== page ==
- It’s Okay to Laugh (Crying Is Cool Too) by Nora McInerny Purmort – 4 stars
This is the scattered memoir of the woman her married her boyfriend when he was diagnosed with brain cancer, they decided to have a baby together, then within six weeks she lost her father, husband and miscarried a second baby. Nora knows tragedy. She’s also hilarious. The book is raw and funny and shocking and all the things you want in a book about cancer. It’s only weakness is that it feels like a collection of essays and not a continuous book—from the scattershot way she tells her story to the way she repeats certain descriptions or funny lines, you get the impression that this originated as separate essays or blog posts. That’s OK, it is what it is, but just be clear that it’s not a front-to-back, chronological story with no repetition. And when you go through as much shit as she did, you can write your memoir the way you want.
- The Impostor’s Daughter: A True Memoir by Laurie Sandell – 2 stars
Meh. A graphic novel memoir about a woman’s scam artist father and how it messed her up.
- Fight Like a Girl: 50 Feminists Who Changed the World by Laura Barcella – 5 stars
What a fun book. Quick profiles from a diverse range of strong, powerful women. Lots of folks here I didn’t know (which isn’t saying much) and some great stories.
- The Wild Robot by Peter Brown – 4 stars
A gentle story of a robot on an uninhabited island who adopts a baby goose and learns how to get along with the other animals.
- Books and Islands in Ojibwe Country by Louise Erdrich – 4 stars
A travel memoir about canoeing among the Lake of the Woods in Minnesota and Ontario. Author and bookstore owner Louise Erdrich explores her Ojibwe past and love of books. There’s not a lot plot-wise, but it still manages to be engaging.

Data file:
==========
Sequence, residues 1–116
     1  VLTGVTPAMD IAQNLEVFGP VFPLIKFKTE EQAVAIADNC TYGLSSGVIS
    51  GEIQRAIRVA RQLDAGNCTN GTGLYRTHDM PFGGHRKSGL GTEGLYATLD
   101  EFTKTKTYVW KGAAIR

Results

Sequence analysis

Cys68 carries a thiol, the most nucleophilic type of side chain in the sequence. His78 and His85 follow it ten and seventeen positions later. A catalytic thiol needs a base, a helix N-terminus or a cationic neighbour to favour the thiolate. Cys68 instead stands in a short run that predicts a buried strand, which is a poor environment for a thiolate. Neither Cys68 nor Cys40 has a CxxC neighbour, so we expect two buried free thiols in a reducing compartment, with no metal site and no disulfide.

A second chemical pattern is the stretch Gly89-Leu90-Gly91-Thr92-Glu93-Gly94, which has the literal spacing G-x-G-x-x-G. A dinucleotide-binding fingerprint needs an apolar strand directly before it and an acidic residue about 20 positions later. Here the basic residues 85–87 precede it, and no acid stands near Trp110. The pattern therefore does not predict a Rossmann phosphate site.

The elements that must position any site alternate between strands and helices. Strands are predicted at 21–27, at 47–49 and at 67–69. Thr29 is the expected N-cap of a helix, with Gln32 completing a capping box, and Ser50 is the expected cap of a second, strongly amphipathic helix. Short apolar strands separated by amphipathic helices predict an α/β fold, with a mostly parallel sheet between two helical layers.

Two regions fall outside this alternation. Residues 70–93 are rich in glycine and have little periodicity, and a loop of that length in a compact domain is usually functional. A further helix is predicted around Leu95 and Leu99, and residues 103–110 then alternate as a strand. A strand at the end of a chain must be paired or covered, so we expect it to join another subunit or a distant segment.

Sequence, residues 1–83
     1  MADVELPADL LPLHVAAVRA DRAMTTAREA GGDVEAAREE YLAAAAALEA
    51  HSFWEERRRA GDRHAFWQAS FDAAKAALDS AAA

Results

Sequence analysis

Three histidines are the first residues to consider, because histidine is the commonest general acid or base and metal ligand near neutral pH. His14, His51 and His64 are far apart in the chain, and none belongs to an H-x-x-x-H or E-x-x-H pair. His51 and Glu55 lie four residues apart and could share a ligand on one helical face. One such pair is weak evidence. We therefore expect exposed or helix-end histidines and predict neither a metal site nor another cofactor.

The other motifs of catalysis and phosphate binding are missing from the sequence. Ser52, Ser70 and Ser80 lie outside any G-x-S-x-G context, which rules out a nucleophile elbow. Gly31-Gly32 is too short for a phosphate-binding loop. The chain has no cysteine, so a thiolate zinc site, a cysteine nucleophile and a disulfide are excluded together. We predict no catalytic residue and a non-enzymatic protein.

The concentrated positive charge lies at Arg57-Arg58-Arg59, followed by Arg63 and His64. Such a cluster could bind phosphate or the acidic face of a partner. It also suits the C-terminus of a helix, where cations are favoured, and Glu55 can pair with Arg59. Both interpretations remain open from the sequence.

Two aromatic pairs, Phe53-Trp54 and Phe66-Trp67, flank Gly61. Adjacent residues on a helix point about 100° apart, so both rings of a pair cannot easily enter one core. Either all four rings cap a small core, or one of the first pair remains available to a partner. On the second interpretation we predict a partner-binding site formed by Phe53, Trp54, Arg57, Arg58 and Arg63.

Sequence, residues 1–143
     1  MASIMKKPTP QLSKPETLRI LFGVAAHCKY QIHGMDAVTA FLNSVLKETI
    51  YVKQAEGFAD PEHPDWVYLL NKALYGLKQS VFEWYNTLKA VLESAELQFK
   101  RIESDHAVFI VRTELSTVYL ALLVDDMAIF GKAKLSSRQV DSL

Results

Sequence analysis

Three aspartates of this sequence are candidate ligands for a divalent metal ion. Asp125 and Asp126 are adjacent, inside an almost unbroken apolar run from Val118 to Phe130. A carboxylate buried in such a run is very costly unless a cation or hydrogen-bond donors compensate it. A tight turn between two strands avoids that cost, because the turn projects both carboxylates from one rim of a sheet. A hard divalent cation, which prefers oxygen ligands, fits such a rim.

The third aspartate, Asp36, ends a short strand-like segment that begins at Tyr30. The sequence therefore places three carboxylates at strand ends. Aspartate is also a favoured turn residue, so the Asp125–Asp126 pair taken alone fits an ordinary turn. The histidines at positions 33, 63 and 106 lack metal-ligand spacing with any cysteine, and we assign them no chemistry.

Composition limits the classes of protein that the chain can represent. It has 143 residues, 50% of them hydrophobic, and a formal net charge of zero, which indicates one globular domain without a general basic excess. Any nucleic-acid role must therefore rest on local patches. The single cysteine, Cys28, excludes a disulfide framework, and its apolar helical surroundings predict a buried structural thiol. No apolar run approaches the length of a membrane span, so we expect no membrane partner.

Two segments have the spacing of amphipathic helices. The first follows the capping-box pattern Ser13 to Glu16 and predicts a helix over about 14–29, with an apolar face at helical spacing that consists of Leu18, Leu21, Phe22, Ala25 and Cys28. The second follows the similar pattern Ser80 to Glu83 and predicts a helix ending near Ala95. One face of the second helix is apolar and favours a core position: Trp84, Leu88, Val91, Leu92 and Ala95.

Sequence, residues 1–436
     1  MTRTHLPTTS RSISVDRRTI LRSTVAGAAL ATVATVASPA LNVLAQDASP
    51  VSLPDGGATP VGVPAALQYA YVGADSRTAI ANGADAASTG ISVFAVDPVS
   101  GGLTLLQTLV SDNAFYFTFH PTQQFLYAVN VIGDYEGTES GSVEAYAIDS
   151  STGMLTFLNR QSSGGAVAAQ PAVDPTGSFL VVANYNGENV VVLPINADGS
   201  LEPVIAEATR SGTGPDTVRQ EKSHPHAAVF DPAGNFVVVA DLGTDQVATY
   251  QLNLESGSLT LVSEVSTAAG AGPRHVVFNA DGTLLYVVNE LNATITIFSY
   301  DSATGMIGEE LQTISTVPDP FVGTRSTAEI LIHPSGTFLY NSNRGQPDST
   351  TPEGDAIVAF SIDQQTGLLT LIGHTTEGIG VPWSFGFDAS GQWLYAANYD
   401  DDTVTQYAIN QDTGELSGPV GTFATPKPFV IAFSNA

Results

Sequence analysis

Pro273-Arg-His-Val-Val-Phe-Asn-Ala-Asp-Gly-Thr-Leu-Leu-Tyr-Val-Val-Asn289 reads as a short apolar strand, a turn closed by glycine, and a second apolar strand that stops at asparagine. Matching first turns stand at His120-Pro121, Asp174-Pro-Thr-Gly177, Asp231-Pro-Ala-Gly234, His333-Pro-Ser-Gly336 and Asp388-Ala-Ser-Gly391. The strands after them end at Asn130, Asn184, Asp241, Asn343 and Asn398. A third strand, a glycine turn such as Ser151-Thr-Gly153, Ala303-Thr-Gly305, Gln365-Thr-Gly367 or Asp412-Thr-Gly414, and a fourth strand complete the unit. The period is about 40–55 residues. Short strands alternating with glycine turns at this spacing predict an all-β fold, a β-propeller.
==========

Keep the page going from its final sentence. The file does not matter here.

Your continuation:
- Reflections From the Riverfront: Essays on Life in the Mississippi National River and Recreation Area by Tim Spitzack – 3 stars
This is a collection of essays that originally appeared in the local Voice newspaper reflecting on the unit of the National Park Service in the Twin Cities. I worked for MNRRA for a summer, so this was close to home. It’s not groundbreaking, but it’s simply about noticing and appreciating the nature around us.
- Shockaholic by Carrie Fisher – 2 stars
I enjoyed Carrie Fisher’s first memoir, Wishful Drinking, for its randomness and quirky lines. This one was even more random and less quirky. Mostly it was weird stories with famous people: Ted Kennedy, Michael Jackson and Elizabeth Taylor.
- After Tupac and D Foster by Jacqueline Woodson – 4 stars
A story about a trio of teen girls dealing with urban themes of imprisoned family members and foster care, bookended with the story of Tupac.
- Twelve Years a Slave by Solomon Northop – 4 stars